The refusal of Gov. Deal & the other GOP governors to establish state healthcare exchanges is an abdication of states' rights/responsibilities and improves the chance of a single payor provider (read socialized medicine). Dumb just dumb.

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Sister_Ruby 1 year, 4 months ago

Agree with you here, FT........playing right in to Obama's original intention to create a "single payer" system,,that being the Guvvament. It's working great for the Post Office, right?

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Russ 1 year, 4 months ago

Obamacare was going to drive us to single payer anyway. By design.

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spookj6 1 year, 4 months ago

Scratch and claw all you want it's eventually going to happen.

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Sister_Ruby 1 year, 4 months ago

So is the destruction of this country due to unsustainable debt. $26 Trillion in debt.........HERE WE COME!

How's that single payer mail system working out, called the USPS??

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chinaberry25 1 year, 4 months ago

It is suppose to double the price of insurance and you pay a penalty if you are not covered. Sounds like a good time to have a side baby and get on welfare.

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ustaknow 1 year, 4 months ago

Why our next candidate needs to be a Libertarian. They are fiscally conservative and socially liberal For decades the D's and the R's have ran up debt due to wars and welfare every single election season they try to pit us against each other.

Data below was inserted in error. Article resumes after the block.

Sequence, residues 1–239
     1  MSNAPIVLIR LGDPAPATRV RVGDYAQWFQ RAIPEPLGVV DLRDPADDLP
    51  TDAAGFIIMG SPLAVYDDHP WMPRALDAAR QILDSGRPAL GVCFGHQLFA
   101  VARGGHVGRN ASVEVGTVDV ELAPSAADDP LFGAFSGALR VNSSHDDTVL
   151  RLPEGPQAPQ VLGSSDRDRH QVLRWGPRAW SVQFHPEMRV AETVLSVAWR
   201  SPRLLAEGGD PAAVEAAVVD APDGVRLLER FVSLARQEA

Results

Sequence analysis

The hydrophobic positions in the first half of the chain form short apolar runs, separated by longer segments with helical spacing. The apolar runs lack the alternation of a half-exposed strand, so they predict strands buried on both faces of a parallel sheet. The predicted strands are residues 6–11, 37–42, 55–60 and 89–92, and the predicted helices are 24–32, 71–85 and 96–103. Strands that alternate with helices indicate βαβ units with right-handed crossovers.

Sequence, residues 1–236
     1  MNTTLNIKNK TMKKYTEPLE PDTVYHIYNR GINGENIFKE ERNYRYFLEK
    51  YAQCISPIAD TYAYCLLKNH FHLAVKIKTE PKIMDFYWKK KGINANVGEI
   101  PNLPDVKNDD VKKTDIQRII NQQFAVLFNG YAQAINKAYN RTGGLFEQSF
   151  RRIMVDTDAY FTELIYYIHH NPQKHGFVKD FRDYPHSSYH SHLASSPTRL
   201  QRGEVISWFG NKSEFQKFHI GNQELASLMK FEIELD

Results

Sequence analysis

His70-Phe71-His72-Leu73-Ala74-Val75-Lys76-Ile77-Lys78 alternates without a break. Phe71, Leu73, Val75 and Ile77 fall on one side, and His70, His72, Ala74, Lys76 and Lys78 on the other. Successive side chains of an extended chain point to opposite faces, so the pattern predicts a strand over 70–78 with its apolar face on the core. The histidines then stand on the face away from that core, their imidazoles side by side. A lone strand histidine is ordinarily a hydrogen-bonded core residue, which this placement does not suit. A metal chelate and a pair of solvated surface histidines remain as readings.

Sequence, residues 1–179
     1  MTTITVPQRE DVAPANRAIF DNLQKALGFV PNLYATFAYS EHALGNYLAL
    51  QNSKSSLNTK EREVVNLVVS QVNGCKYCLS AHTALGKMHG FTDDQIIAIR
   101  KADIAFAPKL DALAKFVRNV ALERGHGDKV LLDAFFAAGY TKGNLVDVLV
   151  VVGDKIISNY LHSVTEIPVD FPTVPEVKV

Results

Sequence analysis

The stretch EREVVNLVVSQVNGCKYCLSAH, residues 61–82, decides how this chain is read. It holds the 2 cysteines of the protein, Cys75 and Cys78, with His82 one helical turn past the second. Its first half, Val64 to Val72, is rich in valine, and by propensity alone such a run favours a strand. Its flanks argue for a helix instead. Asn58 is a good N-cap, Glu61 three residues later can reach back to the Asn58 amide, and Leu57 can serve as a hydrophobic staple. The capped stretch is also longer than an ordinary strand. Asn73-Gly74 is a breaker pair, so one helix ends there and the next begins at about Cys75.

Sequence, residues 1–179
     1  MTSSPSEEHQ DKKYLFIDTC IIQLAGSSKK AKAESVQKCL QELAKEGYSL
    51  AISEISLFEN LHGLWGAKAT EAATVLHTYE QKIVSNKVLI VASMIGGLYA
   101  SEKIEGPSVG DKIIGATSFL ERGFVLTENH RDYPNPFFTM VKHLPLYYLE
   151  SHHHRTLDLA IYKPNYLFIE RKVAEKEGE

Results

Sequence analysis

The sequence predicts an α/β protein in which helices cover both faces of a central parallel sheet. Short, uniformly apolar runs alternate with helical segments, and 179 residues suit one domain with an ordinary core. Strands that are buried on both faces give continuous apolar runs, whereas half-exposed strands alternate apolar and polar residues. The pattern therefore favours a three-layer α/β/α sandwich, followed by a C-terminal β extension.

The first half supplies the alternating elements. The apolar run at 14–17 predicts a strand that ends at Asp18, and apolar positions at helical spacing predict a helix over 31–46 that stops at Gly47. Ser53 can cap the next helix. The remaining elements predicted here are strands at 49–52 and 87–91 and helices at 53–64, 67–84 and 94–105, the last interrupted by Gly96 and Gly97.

LC2016 ( Libertarian Candidate 2016 )

p.s. We also need to abolish income tax and put in a national sales tax. Incidentally the math proves that for low income workers a national sales tax that replaces income tax will leave more money in their pocket. THE MATH: $400.00 gross pay ( 10 dollars hr x's 40 ) taxed at 10% under Bush and 15% if bush tax cuts expire will leave a low income worker 360 take home or 340.00 take home if BTC expires well then that worker buys 100 groceries - now has 260 left over but under national sales tax of 20% ; the worker now takes home 400 and spends 100 he or she now has 280 left over after groceries assuming the 100 was taxed at 20% or 300 take home if we keep Bush tax cuts

It is just mathematically better to have a national sales tax to replace income tax. A national sales tax also captures underground economy that currently pays no tax such as the drug dealer or the immigrant who is here illegally. please help me spread this message- the math is correct and working class would get relief while the others would contribute a little something

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USTPC 1 year, 4 months ago

You are assuming that the remaining $280 will not be spent and thus not taxed which is not going to happen. They are either going to buy gas, clothes, eat out, electricity, repairs on vehicle, etc. etc. which will all be taxed at the 20% so in reality the 400 take home nets $320 worth of usable goods. Whether you tax the money as income tax or you tax it as sales tax it is still taxed.

On top of that, who does a flat 20% sales tax hurt the most...the guy making less than $20k or the guy maying 20 million?

The only way a national sales tax of any kind makes sense is if you exempt basic necessities from the tax....food, rent, electricity, water, etc. Then you might make an argument that the person making $400 a week actually gains some spending money.

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stc1993 1 year, 4 months ago

If they want national health care let's just be like most of Europe a 50% income tax on all the people.